Debianization with git-buildpackage

After building some useful piece of software, one has to decide how to best deploy it. In UNIX, the standard way to do that is by publishing the source code in .tar.gz format and requiring users to compile it.

In Debian there is an alternative: using a .deb package. With a .deb package, a single dpkg -i <package>.deb installs the software.

This article explains how to create and support a .deb package for a simple software maintained in git, by tracking the packaging scheme in a specific branch on the same repository.


In order to ease the packaging and keep our package warning-free, it should have in its main repository:

  • An AUTHORS file with copyright information.
  • A manual.
  • A COPYING file with GPL information or some other license.
  • A Makefile with the targets "all", "clean" and "install". The "install" target should install the binary in $(PREFIX)/bin and the manual to $(PREFIX)/share/man/man#. PREFIX should be, by default, /usr/local, so that non-debian users can still user our package.
  • A way to create <package>_<version>.tar.gz (make dist ?). We will use it to import the original source files into the debian package build structure.

These items are not debian-specific and are useful for everyone.

Initial packaging setup

The first step is putting the <package>_<version>.tar.gz in the directory above the current one renamed to <package>_<version>.orig.tar.gz. We will use it in a moment.

The next step is to create the debian branches in the git repository: on the debian-upstream branch, we will store the upstream source, while the debian-debian branch will hold the debian package data. This separation provides a cleaner revision history by separating the changes that affect the software from the changes in the packaging.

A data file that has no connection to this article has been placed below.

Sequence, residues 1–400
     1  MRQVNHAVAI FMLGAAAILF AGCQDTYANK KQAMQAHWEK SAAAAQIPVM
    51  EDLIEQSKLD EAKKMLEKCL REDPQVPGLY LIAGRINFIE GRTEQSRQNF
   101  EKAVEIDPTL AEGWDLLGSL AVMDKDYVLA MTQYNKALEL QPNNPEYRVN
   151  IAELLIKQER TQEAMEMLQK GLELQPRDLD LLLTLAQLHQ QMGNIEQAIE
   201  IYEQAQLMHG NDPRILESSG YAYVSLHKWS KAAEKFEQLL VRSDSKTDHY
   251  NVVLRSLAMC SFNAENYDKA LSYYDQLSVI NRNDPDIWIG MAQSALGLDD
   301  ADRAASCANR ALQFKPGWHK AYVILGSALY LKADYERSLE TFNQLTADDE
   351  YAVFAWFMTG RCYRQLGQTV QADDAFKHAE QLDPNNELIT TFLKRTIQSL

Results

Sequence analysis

In order to create these branches, we issue the following commands in the git repository:

  git symbolic-ref HEAD refs/heads/debian-upstream
  git rm --cached -r .
  git clean -xfd
  git commit --allow-empty -m 'Start of debian branches.'
  git checkout -b debian-debian

That will make both branches point to a root-commit with no files.

We will now use the ../<package>_<version>.orig.tar.gz file to create the initial debian directory in the debian-debian branch:

  dh_make -s -p <package>_<version>

We can now customize the standard debian directory created. The only required files that must be fixed are: changelog, compat, control, copyright and rules. Besides filling package-specific information, we should also:

  • Put, in debian/rules file:
      override_dh_auto_install: $(MAKE) PREFIX=$(CURDIR)/debian/<package>/usr install
  • Create a debian/<package>.manpages file with the name of the manpage file of the package.
  • Create a debian/gbp.conf with the following contents:

We can now commit the debian directory in the debian-debian branch.

Importing the sources

In the debian-debian branch:

  git-import-orig ../<package>_<version>.orig.tar.gz

That will import the original sources to the debian-upstream branch, and merge it with the debian-debian branch.

Creating the package

To create the debian package:

  git-buildpackage --git-tag

Importing further versions

Create the new ../<package>_<version>/.orig.tar.gz and then:

  git-import-orig ../<package>_<version>.orig.tar.gz

Edit the debian/changelog file (we can use dch for that), and create a new package:

  git-buildpackage --git-tag

Yes, it's that easy.

Final remarks

After an initial expensive setup, package creation of further versions is mostly painless, which is the whole point of git-buildpackage and friends.

Besides this article, we should check the debian dir of some already packaged software for reference. We can look at the execpermfix repository at github when first trying to package something.

Further information: